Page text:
A member of the public and father of children at Halifax Elementary attended the meeting Monday to address his concerns over bullying at the school. The father said that he had been a part of a heated conversation on Facebook regarding bullying and “wanted to at least show everyone who I was so I’m not just sitting behind a keyboard.” He also said that he had been encouraged by a recent meeting he had with both the principal and assistant principal. He emphasized how important communication between parents, teachers, and students is to fixing the problem. Schmaling said, “Thank you for coming, there is nothing worse than a keyboard warrior… you’re sending a powerful message.”
Proulx presented a draft of the schedule for next year. Proposed in-service days for teachers would be August 31, September 1, November 3, and February 22. The first day of school would be September 2. February vacation will be from February 15 to February 19. Some school committee members asked about the professional development days all falling relatively early in the calendar year. Committee member Alison Vance, however, pointed out that prior to the current year, there were only two in-service days for teachers and they both occurred prior to school starting.
Proulx led the discussion on the budget addressing the need to fund the math interventionist previously funded by Title I. The amount needed to fund the position would be $30,000. Proulx suggested some proposed budget cuts including building cuts totaling $10,000 and another $7,000 in cuts from reducing Grade 3 textbooks and limiting the implementation of classroom materials such as STEM materials. Proulx also said that she requested cuts from technology director Steve Pellowe. Proulx said that she worked with administrators to provide a list of cuts that would have the least impact on student needs. In addition to shrinking Title I funds, Proulx said that Title II A funds are also being reduced. Title II A is currently the only means of funding professional development services.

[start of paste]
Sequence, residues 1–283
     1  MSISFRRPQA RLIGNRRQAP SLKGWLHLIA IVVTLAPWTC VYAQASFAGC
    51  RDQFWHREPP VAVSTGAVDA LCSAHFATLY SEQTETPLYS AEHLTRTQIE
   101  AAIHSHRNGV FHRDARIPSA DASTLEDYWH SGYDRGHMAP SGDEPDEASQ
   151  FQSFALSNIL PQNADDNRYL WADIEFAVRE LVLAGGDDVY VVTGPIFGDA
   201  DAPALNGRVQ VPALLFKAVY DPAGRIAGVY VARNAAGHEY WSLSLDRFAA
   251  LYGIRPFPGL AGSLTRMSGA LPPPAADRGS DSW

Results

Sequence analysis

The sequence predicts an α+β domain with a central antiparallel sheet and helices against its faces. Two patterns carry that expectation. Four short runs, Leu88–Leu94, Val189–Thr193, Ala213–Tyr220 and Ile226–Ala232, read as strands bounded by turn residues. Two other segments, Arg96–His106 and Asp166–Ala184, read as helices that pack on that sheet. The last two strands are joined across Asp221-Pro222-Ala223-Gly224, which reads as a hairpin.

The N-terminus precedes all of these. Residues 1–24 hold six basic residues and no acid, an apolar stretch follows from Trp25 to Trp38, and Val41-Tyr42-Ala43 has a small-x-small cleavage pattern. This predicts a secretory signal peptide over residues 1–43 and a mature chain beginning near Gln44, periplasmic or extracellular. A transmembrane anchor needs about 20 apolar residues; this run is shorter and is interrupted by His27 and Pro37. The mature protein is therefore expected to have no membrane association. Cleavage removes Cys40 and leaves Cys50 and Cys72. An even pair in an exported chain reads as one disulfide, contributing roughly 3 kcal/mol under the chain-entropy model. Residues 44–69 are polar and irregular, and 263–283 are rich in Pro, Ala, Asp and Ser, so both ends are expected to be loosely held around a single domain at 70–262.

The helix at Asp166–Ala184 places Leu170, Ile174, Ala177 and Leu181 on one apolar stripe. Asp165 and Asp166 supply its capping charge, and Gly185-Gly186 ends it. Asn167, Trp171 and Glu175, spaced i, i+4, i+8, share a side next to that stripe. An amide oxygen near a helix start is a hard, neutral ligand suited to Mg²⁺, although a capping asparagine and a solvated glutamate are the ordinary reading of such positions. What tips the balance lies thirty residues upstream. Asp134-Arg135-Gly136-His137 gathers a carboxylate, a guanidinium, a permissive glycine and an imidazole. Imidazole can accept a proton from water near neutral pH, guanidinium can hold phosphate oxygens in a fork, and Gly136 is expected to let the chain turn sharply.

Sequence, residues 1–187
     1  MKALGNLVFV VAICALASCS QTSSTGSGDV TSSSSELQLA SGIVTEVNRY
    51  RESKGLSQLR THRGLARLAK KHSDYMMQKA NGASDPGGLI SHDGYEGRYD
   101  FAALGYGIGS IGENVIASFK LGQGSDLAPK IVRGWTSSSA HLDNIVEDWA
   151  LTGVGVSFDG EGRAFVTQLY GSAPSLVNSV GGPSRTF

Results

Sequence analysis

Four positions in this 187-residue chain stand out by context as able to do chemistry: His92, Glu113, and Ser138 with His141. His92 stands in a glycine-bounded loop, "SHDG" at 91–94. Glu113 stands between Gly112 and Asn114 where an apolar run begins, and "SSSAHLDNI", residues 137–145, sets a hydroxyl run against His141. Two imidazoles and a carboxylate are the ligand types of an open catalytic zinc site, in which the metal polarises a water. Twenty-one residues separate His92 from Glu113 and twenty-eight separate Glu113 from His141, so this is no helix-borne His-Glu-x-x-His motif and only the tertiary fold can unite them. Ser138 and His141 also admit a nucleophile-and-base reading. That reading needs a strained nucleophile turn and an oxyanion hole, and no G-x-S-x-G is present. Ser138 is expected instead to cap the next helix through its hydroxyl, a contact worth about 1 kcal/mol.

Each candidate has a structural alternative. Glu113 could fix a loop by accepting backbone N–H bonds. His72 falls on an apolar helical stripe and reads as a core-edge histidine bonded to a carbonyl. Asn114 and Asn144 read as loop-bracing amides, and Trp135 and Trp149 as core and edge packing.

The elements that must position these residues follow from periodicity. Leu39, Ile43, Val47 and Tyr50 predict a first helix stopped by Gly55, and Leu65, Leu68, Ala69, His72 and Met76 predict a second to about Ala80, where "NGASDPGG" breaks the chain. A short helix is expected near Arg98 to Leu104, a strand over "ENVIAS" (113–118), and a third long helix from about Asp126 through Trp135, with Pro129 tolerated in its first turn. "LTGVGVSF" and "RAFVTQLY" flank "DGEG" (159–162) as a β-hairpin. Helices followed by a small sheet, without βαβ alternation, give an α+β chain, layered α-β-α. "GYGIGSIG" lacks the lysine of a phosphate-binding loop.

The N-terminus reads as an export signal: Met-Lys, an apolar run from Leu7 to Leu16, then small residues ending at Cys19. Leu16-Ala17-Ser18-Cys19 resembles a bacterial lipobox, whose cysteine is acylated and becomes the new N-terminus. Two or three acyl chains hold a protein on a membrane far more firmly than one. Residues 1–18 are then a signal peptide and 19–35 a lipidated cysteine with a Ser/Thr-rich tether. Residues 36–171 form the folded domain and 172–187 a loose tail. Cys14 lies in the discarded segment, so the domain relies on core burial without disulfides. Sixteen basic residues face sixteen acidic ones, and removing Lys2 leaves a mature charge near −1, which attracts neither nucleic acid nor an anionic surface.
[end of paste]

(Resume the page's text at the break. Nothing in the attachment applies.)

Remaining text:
Vance said that even without cuts, adding the $30,000 to the current budget would still be level service as it is not a new position. Schmaling was also hesitant to make the cuts proposed by Proulx. School Committee member and Halifax Selectman Gordon Andrews said that he felt that the budget was reasonable as is but that adding $30,000 on top of that would likely present a problem. “I think it’s the fiscal reality of what’s happening with the town and what’s happening with the state,” Andrews said.
Proulx pointed out that there may be a savings in the budget once the transportation numbers are actual and the bus contracts finalized. There was also some discussion among the committee members as to whether or not it might make sense to ask the town to reallocate funds from the vocational students back to the schools in order to help fund the math interventionist. School committee member Robert Johnson said that he was not worried about the additional $30,000 given that the overall budget totals more than 8 million dollars.
In the end, the committee voted to approve the budget with the additional $30,000, forgoing the additional cuts proposed by Proulx. The committee voted to approve the 2020-2021 elementary regular day and special education operating budget of $5,871,010. They also voted to approve the elementary out of district special education tuition budget of $1,857,409 and the out of district special education transportation budget of $473,800. The final vote was to approve the out of district vocational education budget of $206,500.